Hugh Tracey founds African Musical Instruments (AMI)

AluminumKalimba 200

Some of Hugh Tracey’s first kalimbas were made of aluminum! After building over 100 prototype instruments, blending traditional African design elements, Hugh Tracey brought easy-to-play, western-tuned kalimbas to the world in 1954.

When Hugh Tracey founded ILAM (the International Library of African Music) in 1954, he knew he would need a funding source to keep it going. That same year he filed business papers to start African Musical Instruments (AMI) which would make and sell African instruments to the world. His idea was that by selling kalimbas around the world, he could both inspire interest in African music and make money to pay for ILAM’s operating expenses.

As Hugh Tracey was contemplating exactly what he was going to sell, he made an important decision. Because his purpose was to market the kalimba to the West, he conceived a new kalimba with a Western tuning, rather than use one of the hundred or more traditional African designs he had studied. Tracey well knew that these African tunings were all extremely exotic to the Western mind and ear. The kalimba he designed had the familiar diatonic (“do-re-mi…”) scale, and had an alternating tine layout which alternates left to right as you go up the scale. Tracey was inspired by the arrangement of the traditional African likembe, which also has an alternating note layout except for a low, drone tine on the far right of the instrument (see photo). With this tuning and note layout, he created the Hugh Tracey kalimba, a new instrument that lent itself to playing beautiful Western melodies and harmonies easily. It is ironic that Dr. Tracey spent his life loving, collecting and preserving traditional African music, yet he ended up inventing and disseminating a non-traditional, brand new species derived from traditional ancestral instruments to the world outside of Africa.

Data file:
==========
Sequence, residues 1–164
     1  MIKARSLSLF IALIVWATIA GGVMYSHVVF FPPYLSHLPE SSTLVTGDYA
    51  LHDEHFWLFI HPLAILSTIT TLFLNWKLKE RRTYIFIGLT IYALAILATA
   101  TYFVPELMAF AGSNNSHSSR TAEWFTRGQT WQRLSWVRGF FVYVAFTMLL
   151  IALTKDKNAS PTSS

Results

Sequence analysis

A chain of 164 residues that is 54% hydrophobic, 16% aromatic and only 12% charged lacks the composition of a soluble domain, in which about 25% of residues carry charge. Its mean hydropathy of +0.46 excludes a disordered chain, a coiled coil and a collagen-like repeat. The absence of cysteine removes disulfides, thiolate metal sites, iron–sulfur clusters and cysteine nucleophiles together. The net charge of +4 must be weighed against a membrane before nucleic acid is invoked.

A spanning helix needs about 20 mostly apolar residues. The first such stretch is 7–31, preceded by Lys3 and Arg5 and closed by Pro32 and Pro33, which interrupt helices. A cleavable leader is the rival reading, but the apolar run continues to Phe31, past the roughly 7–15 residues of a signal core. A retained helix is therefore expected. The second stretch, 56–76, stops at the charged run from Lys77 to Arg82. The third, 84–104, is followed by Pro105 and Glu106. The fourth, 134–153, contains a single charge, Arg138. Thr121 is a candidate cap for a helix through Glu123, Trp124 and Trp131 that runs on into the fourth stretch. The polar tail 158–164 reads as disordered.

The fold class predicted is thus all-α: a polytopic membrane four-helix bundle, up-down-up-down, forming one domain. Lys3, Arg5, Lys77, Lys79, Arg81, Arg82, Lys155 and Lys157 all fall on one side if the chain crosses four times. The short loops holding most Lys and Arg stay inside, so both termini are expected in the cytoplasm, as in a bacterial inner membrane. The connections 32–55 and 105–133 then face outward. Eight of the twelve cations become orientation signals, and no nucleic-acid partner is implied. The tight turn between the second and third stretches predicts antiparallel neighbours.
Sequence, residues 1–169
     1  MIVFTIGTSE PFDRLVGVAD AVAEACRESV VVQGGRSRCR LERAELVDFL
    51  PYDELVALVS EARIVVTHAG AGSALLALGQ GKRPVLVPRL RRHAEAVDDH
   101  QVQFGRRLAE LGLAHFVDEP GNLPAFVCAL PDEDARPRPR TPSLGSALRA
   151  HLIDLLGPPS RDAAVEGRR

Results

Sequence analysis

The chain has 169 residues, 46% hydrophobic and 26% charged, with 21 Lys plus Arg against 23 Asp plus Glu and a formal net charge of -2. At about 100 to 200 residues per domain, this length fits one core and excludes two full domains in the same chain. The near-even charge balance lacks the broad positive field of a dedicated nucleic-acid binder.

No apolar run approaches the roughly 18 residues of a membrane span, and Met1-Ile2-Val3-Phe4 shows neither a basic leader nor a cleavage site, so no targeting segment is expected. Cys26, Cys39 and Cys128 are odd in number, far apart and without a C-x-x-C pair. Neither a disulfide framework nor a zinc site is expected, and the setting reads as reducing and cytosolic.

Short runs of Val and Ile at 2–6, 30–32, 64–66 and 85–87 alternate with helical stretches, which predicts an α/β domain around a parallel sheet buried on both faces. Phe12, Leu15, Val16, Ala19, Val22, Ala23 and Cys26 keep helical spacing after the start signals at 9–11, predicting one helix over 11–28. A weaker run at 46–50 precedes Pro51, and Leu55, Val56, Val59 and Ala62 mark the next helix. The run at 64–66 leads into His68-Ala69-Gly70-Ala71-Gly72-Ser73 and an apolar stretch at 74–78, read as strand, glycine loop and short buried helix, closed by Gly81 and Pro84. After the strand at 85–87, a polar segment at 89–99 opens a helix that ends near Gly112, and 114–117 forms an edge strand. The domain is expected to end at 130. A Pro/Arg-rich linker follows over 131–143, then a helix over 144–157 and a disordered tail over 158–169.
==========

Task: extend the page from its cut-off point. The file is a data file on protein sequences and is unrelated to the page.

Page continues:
By using the diatonic western scale and the alternating left and right note layout, Hugh Tracey realized that he had created a new instrument that lent itself to playing easy and beautiful western harmonies, using simple rules of thumb (to coin a phrase!).

Hugh Tracey spent a lot of time experimenting with different kinds of wood, different materials for the tines, different methods for attaching the tines, and different ranges of notes. Some of his first trial kalimbas had a metal box, rather than the traditional wood. In the course of his experimentation, he made over 100 prototype instruments. Kiaat hardwood was eventually chosen for a host of reasons: it sounded great, looked beautiful, was plentiful (South Africa itself didn’t have very many kiaat trees, but neighboring Mozambique did), and besides, furniture makers used kiaat wood and their scraps were a perfect size for the tiny kalimbas. Hugh Tracey kalimbas are still made from this exquisite wood today.
The first kalimbas Hugh Tracey took to market were Treble Kalimbas. The Alto and Celeste Treble came much later. In the early 1960s, Hugh took a few kalimbas with him as he lectured on African music around the United States. He met with executives at Creative Playthings, and they were so tickled by the diminutive instruments that they ordered 10,000 kalimbas! The company African Musical Instruments (AMI) was up and running. As soon as Hugh Tracey returned home, a small factory was set up back in Krugersdorp, South Africa. Hugh’s son Paul Tracey ran the shop in those early days. It was a busy and exciting time.

Printed on the side of an original AMI Treble Kalimba box, you can see “Creative Playthings, Princeton, New Jersey.”

We recently unearthed a vintage, circa 1968 Hugh Tracey Treble kalimba in mint condition, in its original box. It was still in tune after 45 years! Perhaps even more striking to us was just how little the design of this kalimba has changed over 45 years. We took a close look at this vintage kalimba.
From the back, the design of the Hugh Tracey Treble Kalimba has remained very similar. The “z-bracket” pressure bar on the front used to be attached with five bicycle spoke screws in the back, while now it is attached by sinking five screws into a block of wood on the front. This, along with slightly thicker face wood makes the modern Hugh Tracey kalimbas a bit heavier. Also the placement and the shape of the vibrato holes on the back are a bit different. The modern labels now have a web site address, where the old labels had South African patent numbers. And the modern Hugh Tracey kalimbas come with an optional 1/4 inch jack attached to an internal microphone or pickup. But the wood is still kiaat, the metal is still spring steel, the instrument is still tuned and set up the same way; in all, the vintage and new kalimbas sound remarkably similar and still make the same great music. The minimal changes that have taken place in the design of Hugh Tracey kalimbas since their introduction to the world is a testament to the work that Dr. Tracey put into all those prototypes. He designed a great instrument indeed!


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